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Contingency, Catalysts, and International System Change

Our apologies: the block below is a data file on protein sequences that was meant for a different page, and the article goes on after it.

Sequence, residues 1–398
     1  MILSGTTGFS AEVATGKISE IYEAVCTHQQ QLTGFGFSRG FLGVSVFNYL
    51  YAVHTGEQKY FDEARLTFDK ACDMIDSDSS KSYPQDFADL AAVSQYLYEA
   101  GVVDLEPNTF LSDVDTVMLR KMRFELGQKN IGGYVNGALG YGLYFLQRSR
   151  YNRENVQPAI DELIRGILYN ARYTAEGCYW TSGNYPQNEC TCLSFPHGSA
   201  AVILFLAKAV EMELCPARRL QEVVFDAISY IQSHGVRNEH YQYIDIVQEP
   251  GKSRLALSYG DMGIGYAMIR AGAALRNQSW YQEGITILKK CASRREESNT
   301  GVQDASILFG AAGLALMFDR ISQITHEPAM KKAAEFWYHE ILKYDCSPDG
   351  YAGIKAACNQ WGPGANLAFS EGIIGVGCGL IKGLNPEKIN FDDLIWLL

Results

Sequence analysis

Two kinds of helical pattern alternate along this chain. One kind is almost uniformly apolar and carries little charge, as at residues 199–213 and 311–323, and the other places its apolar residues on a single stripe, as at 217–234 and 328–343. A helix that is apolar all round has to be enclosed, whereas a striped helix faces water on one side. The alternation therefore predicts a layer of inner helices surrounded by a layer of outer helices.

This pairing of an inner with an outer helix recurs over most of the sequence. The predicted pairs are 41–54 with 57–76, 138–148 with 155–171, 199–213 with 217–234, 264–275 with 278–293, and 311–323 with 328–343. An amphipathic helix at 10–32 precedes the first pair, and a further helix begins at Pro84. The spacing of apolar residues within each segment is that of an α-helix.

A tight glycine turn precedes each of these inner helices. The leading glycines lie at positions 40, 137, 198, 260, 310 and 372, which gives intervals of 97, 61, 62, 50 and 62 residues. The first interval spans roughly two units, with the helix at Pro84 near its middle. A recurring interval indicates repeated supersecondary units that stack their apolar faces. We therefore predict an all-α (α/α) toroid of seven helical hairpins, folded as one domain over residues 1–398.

Richard Ned Lebow asserts there have been three transformations of the international system in the twentieth century. He conducts a counterfactual analysis of World War I--one such transformation--to show there is no necessary relationship between the number and the intensity of underlying causes and the probability of an event. The immediate causes of World War I--the double assassinations at Sarajevo--met a diverse set of political and psychological requirements without which Austrian and German leaders would not have taken the steps that led to war. Sarajevo indicates that there is a class of situations that require complex and highly specialized triggers whose appearance may be infrequent.

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